Ask the Applications Engineer—7: Op-amp Noise

Op-amp Issues—Noise

Q. What should I know about op-amp noise?

A. First, we must note the distinction between noise generated in the op amp and its circuit components and interference, or unwanted signals and noise arriving as voltage or current at any of the amplifier’s terminals or induced in its associated circuitry.

Interference can appear as spikes, steps, sine waves, or random noise, and it can come from anywhere: machinery, nearby power lines, r-f transmitters and receivers, computers, or even circuitry within the same equipment (for example, digital circuits or switching-type power supplies). Understanding it, preventing its appearance in your circuit’s neighborhood, finding how it got in, and rooting it out, or finding a way to live with it is a big subject. It’s been treated in these pages in the past; those, and a few additional references, are mentioned in the Bibliography.

If all interference could be eliminated, there would still be random noise associated with the operational amplifier and its resistive circuits. It constitutes the ultimate limitation on the amplifier’s resolution. That’s the topic we’ll begin to discuss here.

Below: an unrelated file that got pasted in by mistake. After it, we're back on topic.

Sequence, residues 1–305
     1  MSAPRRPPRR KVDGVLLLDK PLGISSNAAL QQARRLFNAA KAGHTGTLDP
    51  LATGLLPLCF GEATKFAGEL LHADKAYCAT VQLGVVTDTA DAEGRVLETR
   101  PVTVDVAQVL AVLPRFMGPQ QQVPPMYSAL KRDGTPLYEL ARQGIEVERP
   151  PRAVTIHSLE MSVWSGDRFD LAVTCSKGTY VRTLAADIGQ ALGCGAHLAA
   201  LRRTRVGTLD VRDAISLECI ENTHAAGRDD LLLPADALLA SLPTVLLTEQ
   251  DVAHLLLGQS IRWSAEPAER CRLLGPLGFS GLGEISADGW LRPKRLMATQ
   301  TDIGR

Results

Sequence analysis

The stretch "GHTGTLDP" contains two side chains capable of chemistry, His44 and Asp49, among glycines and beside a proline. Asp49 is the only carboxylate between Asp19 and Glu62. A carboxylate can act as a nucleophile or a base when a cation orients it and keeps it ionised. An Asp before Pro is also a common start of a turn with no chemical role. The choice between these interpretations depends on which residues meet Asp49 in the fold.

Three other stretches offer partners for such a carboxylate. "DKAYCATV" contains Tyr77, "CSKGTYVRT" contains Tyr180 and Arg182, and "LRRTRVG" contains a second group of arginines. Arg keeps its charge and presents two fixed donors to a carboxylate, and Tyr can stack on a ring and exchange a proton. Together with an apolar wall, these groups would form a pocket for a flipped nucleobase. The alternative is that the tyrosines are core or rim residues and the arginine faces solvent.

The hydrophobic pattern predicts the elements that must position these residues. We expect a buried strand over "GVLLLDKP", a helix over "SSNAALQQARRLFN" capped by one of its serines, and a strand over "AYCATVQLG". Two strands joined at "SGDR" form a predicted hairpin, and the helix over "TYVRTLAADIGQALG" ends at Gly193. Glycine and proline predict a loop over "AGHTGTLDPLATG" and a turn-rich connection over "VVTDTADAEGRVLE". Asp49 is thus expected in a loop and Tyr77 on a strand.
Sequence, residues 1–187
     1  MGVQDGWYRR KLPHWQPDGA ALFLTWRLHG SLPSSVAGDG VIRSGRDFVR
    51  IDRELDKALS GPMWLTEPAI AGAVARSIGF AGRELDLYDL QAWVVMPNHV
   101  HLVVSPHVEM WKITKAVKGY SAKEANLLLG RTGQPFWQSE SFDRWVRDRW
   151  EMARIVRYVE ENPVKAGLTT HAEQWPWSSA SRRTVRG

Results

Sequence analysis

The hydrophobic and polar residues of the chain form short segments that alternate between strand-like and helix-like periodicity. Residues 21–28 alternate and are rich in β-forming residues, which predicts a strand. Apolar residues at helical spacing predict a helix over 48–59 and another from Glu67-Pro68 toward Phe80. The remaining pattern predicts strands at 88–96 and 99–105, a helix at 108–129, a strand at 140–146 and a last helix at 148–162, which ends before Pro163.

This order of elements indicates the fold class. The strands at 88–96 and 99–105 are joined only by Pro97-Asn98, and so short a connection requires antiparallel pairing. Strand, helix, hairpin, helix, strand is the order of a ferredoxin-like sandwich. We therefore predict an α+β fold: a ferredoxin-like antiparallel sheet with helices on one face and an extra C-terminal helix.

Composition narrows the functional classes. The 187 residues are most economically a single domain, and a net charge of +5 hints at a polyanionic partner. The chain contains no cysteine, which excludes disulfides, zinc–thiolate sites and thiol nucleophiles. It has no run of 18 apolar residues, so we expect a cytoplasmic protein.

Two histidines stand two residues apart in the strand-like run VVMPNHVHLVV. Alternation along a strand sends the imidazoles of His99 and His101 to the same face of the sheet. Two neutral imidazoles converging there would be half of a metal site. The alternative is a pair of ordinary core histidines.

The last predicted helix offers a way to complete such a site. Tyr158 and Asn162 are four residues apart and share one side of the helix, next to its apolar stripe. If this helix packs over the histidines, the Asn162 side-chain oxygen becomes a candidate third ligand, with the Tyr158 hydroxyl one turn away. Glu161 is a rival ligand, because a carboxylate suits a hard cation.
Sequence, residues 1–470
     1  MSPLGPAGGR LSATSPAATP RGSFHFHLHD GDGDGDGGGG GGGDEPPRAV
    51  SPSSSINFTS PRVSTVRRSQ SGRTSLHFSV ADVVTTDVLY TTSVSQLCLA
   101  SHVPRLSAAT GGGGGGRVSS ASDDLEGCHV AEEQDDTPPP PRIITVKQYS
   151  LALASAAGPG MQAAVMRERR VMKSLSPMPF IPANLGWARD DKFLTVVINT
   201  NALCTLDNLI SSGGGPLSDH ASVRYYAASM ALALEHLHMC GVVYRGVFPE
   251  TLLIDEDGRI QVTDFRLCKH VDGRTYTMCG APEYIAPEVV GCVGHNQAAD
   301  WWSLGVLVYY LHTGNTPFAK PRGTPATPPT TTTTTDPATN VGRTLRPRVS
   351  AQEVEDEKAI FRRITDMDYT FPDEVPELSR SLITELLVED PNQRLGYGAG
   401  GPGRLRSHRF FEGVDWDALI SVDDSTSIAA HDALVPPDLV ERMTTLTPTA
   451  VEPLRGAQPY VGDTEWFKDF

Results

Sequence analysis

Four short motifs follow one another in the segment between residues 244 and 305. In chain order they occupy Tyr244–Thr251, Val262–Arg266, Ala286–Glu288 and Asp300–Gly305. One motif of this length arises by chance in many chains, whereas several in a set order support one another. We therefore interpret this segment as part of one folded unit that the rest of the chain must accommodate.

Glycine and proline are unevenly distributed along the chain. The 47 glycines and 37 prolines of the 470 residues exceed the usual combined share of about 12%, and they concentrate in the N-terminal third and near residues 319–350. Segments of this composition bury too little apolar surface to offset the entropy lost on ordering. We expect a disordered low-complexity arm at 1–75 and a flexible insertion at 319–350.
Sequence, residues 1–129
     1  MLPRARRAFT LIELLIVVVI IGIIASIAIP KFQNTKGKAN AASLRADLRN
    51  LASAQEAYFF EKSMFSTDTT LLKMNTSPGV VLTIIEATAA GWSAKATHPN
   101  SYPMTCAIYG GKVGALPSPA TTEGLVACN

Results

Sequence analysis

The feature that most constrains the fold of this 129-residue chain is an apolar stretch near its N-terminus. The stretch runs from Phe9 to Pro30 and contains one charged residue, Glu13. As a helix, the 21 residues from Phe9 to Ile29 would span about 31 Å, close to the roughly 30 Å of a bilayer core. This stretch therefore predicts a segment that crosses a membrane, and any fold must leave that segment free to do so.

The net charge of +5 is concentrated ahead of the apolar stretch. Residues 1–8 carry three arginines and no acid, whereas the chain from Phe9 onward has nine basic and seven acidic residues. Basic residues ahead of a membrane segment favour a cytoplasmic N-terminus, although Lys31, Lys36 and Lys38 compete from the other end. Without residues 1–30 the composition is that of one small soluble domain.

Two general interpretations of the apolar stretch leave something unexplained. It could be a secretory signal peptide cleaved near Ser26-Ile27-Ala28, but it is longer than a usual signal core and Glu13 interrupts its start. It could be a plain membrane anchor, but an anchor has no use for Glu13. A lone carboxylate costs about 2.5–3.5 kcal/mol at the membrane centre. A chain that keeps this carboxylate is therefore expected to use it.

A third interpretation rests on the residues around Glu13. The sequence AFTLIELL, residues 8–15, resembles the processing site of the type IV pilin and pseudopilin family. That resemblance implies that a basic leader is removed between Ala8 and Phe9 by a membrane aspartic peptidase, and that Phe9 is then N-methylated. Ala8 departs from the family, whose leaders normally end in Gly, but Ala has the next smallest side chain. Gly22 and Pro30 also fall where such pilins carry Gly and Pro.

Q. O.K. Tell me about random noise in op amps. Where does it come from?

A. Noise appearing at the amplifier’s output is usually measured as a voltage. But it is generated by both voltage and current sources. All internal sources are generally referred to the input, i.e., treated as uncorrelated--or independent--random noise generators (see next question) in series or parallel with the inputs of an ideal noisefree amplifier: We consider 3 primary contributors to noise: